“Stop All The Clocks”

Stop All The Clocks Joins the List of Humanist Funeral Songs

W.H. Auden’s poignant grief poem, “Stop All The Clocks” aka “Funeral Blues” has been set to music, by emerging Scots-born singer songwriter, Nemo Shaw. This new song can be heard below.

[tube]http://youtu.be/RlWTd7y-kvU[/tube]

 

Funeral Plan Quotes

Funeral Plan Quotes

In an age of secularism, Green, humanist, and even DIY funeral services are all growing in popularity, according to “UK Funerals On-line”, U.S Green company “Treehugger” and other funeral-related organizations. These alternative funeral services are positively described by The British Humanist Association, (BHA) as ‘non-religious’ rather than ‘anti-religious’.

We are findingincreasingly that clients are specifying their favourite songs as part of the prepaid funeral plans that we help to organise at the Prepaid Funeral Plan Review.

“Stop All The Clocks” is proving to be an all-rounder, judging from the initial response, from believers and non-believers alike. It is, however, primarily a valuable addition to the smaller, existing repertoire of funeral songs for humanists, non-believers and atheists. W.H. Auden is regarded by many as one of the greatest writers of the 20th century. His poem is incomparable in its raw portrayal of human love and loss. It is not surprising therefore that Vanessa Ashbee, ‘Ceremonies Assistant’ at the BHA, greeted the news of this song with excitement saying, “…very interesting information about the composition.”

“The humanist view of life is progressive and optimistic, in awe of human potential,” says Polly Toynbee, President of the BHA, and a columnist for the ‘The Guardian’ newspaper. The BHA describes the humanist way of life as “striving to live life to the full while adhering to the Golden Rule, with an attitude of tolerance and altruism.”

“Rights, equality and respect are for people, not religions or beliefs. Humanism for me is holding nothing sacred but the human being,” says human rights activist, Maryam Namazie. And what can be more sacred than the profound love shared between two people? Auden’s classic poem manages to express the inexpressible feelings of the loss of a loved one. The award-winning American poet, Kevin Young said “It’s that ability to express a feeling like the one that arrives quickly after the loss of a loved one which poems like Auden’s wield.”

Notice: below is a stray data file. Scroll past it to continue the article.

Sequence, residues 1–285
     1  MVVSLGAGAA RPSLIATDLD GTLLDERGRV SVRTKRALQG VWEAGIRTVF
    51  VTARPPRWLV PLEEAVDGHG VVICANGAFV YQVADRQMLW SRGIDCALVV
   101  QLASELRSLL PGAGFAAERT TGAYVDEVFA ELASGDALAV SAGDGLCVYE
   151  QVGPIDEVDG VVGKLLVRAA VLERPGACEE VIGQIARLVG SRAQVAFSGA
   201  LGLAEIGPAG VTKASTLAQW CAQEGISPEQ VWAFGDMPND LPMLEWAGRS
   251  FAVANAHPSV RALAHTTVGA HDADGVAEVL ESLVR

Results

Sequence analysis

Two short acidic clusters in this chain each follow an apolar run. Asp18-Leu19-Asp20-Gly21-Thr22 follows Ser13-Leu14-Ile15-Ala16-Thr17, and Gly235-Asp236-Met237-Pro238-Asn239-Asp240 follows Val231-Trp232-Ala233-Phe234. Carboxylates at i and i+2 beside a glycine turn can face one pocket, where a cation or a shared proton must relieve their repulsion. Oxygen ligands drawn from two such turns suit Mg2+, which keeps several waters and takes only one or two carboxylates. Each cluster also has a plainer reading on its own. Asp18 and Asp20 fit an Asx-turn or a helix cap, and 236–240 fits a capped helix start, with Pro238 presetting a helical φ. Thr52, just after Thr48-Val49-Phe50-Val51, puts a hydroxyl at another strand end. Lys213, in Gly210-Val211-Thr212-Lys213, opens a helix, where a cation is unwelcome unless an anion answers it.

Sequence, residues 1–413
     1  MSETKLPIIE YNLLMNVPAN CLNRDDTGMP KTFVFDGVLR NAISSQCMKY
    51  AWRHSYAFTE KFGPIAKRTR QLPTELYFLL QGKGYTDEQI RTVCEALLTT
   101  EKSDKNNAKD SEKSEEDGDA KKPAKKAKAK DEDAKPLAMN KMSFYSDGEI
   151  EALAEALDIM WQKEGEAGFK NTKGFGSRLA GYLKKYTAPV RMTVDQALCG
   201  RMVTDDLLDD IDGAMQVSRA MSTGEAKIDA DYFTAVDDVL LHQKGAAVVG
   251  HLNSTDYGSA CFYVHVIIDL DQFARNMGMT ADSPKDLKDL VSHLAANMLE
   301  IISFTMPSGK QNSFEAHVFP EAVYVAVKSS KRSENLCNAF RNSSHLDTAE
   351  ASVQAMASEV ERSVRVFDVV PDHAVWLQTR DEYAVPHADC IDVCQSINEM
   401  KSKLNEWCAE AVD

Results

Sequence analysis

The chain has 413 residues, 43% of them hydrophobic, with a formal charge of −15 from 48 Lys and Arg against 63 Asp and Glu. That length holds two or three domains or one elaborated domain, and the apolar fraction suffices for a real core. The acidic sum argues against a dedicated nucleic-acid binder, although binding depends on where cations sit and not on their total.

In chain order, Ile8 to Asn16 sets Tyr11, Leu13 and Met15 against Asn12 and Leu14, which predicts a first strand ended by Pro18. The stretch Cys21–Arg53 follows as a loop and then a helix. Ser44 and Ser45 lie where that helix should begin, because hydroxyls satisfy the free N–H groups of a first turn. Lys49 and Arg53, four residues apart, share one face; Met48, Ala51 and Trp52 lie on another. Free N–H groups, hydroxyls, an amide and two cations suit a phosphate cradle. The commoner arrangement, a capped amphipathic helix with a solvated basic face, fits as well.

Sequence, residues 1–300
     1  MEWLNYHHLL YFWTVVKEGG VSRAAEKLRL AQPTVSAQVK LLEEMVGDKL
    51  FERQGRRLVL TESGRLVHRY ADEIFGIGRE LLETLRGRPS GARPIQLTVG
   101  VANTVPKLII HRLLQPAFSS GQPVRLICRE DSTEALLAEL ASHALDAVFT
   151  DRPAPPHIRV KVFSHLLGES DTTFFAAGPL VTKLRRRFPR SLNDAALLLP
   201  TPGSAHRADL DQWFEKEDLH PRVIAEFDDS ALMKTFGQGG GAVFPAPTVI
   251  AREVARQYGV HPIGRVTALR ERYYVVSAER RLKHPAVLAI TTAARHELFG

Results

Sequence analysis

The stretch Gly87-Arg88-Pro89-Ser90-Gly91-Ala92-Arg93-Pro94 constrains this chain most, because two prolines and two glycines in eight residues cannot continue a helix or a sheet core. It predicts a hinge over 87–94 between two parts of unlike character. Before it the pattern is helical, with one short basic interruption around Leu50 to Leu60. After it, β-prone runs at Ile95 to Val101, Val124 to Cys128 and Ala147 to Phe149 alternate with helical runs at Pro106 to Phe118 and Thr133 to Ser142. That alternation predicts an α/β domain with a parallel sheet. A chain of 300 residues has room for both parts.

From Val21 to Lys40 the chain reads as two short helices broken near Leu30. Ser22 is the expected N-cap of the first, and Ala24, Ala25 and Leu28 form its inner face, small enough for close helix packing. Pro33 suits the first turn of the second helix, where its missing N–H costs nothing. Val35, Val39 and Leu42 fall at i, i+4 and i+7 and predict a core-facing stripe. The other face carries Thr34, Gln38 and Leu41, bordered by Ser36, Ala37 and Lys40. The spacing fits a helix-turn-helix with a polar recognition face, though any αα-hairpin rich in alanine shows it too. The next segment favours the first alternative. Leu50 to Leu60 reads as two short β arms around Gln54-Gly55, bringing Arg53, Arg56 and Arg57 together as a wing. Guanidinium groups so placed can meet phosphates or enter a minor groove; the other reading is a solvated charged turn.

According to the American Humanist Association (AHA), “truth, love and compassion are some of the values talked about at humanist funerals, as the life of the deceased is celebrated in a personal and honest way, without reference to God, the supernatural or the afterlife”. “Stop all the Clocks Song” is a celebration of life, as well as a truthful depiction of grief, and as such, it is perfectly tailored to humanist funerals.

“This works! It’s a great song”, commented Pat McNees of ‘Comfort Dyng’, Maryland, USA. The legendary words of the song are delivered in a soft and delicate timbre that does justice to one of the best love poems ever written.

“The composition is intentionally simple and gentle, to counterbalance the impact of Auden’s powerful lyrics and evocative imagery,” explained Ann Lewiss. She continued: “his uncomplicated musical arrangement leaves space for listeners to feel whatever emotions may arise.”

“Nemo Shaw’s rendition is totally in keeping with what I would imagine. It reminds me of the poem exactly as it was read by John Hannah in ‘Four Weddings and a Funeral,’ accent and all. I love it, and I think people will love it, too,” said an enthusiastic Heather Oosthuizen of ‘Funeral Guide’, in South Africa.

Already, a number of people have approached “Songs of Grief and Loss” seeking permission to use the song at funerals and memorial services in different parts of the world. A few have requested the simple, yet artistic, video, as well.

News of this song has received favourable coverage from international publications as well as from funeral organizations and others: “A wonderful addition”, from Heather at ‘Funeral Guide’, S.A; “… I think this song will become very popular, and I will be suggesting it as a possibility to families in the future”, from E. Britt; “We would like to purchase this fantastic song and use it”, from funeral director, Mark Baker in New Zealand.

Timing is all important to the success of a product. Heather Oosthuizen explained why the poem needed to be put to music for a long time: “The words are so moving, and it is a familiar poem which is also associated with great loss. Well chosen music often moves people to tears at funerals, and that is the best thing one can do at funerals.”

Ann Lewiss of ‘Songs of Grief and Loss’ said: “The response has been very positive. It looks like we will need to find a recording company, to efficiently market and distribute this song across the globe.”

To hear the song, visit: www.songsofgriefandloss.org

With thanks to Curtis Brown, Ltd, for granting permission to use
“Stop All The Clocks” by W.H. Auden.

Some people may prefer the well know spoken version below.

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Stop all the clocks